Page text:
The planners hired to design the 5.5-mile Interstate 49 Lafayette Connector are returning to the public for input into the next phase of design for the freeway that will stretch from Lafayette Regional Airport to the current terminus of I-49 at Interstate 10.
The Connector has been discussed for decades as a means to ease traffic congestion in Lafayette, spur economic development and ease hurricane evacuation. A federal Record of Decision was reached in 2003, but without funding, the plan sat on a shelf until it was dusted off in 2015.
After a workshop and discussions with residents, planners realized the old plan might not be the best any longer. Public workshops and meetings were conducted for two years, culminating in 2017 with a single alignment selected.
The alignment has four alternatives, two for access to downtown and two regarding a section of Evangeline Thruway that would not be part of the freeway and which some want to turn into a grand boulevard. It also includes a 2-mile stretch of elevated roadway from around Pinhook Road to Willow Street.
That's where the process picks up again with meetings of the new I-49 Lafayette Connector Advisory Group and workshops with stakeholders.
About 60 members of the Advisory Group that includes elected officials, community members, business owners and state highway officials, met online Thursday in a meeting that was not publicized or posted on the official I-49 Lafayette Connector website. The group is a combination of the previous technical advisory committee and community working group, but about half are new members. The Thursday meeting was to brief committee members on the status of the project and what happens next.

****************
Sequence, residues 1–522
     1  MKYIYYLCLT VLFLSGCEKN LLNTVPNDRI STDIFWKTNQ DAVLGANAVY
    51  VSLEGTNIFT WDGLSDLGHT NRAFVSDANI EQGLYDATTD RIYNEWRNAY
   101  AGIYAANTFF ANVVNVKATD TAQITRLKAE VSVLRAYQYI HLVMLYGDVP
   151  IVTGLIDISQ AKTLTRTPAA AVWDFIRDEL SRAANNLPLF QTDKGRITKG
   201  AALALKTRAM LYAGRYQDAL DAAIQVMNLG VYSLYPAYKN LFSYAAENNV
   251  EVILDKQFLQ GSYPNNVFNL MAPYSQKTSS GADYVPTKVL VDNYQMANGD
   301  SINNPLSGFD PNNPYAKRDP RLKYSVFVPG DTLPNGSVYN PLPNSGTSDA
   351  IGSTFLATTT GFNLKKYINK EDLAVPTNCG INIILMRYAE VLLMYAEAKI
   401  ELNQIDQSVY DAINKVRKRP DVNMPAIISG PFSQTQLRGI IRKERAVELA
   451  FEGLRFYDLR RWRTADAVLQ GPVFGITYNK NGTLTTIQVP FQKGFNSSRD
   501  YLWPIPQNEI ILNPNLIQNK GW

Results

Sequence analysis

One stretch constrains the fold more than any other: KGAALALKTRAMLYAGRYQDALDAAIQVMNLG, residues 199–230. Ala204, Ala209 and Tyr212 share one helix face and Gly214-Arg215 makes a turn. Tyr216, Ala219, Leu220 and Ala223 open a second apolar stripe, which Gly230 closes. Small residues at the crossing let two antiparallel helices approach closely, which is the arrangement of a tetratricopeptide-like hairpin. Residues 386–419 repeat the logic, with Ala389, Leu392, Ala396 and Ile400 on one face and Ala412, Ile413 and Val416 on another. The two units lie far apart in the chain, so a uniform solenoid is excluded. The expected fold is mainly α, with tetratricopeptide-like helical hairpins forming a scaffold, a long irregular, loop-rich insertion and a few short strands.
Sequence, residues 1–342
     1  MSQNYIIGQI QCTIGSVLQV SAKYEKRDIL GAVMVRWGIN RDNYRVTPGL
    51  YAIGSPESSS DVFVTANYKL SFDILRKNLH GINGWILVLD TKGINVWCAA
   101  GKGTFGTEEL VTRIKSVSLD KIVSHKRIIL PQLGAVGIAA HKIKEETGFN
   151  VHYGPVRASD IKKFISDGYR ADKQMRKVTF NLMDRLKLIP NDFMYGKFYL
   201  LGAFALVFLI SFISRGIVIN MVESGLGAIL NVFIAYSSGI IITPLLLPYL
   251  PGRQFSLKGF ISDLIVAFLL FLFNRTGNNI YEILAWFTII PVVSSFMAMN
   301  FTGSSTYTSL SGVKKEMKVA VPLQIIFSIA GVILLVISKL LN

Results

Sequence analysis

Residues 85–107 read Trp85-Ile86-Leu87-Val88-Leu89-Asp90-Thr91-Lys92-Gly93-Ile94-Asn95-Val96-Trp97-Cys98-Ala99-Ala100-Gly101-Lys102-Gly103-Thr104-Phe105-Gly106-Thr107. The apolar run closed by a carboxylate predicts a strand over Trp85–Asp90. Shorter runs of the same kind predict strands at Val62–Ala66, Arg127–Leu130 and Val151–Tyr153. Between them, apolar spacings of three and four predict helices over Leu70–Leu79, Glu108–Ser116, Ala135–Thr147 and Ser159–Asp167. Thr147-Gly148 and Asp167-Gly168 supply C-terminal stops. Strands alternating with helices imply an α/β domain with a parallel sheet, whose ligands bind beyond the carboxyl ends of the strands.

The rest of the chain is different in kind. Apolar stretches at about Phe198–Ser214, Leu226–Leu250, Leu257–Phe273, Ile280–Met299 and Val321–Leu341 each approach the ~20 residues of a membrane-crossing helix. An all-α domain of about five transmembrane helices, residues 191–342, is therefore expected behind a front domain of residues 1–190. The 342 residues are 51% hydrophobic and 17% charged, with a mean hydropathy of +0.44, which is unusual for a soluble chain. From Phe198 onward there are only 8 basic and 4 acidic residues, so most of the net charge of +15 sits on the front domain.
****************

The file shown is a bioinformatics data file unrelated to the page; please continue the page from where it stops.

The committee will continue to meet monthly, possibly online because of coronavirus, and four small workshops with neighborhood coteries will be held, Jeff Grob of Stantec Consulting said, focusing on the mainline Context Sensitive Solutions features such as what happens to the existing Evangeline Thruway, access to downtown and the Pinhook Road intersection.
Possibly in 4-5 months, the first workshop to update the general public and receive input on design features such as bike paths and lighting will be held.
The outcome of the process will be a CSS design standards manual that summarizes the decisions made in the six workshops, Grob said. When the project advances, the manual will inform designers about what the public and technical personnel agreed on, such as what piers should look like.
The process also will result in a Joint Use Development Plan in which government agencies agree on who will pay for which elements of the project. Tim Nickel of the Louisiana Department of Transportation and Development, which oversees the project, said elements essential to the transportation aspects of the Connector traditionally will be paid for by the state. Local government agencies are expected to cover the cost of non-essential elements.
The advisory committee's work will go to an executive committee that includes the DOTD secretary, Mayor-President Josh Guillory and Federal Highway Administration representatives, who will make final decisions, Grob said.
Steve Wallace, project manager for the consulting team, corrected him, saying, the executive committee will make recommendations to the DOTD.
"The DOTD will ultimately be the decision-maker," Wallace said.
The I-49 Lafayette Connector, with a price tag estimated at or near $1 billion, is still a long way off. Nickel said the current planning process may take up to a year to finish. If funding becomes available, he said, it could be four to five years before ground is broken on a portion of the Connector, which will almost certainly be constructed in phases.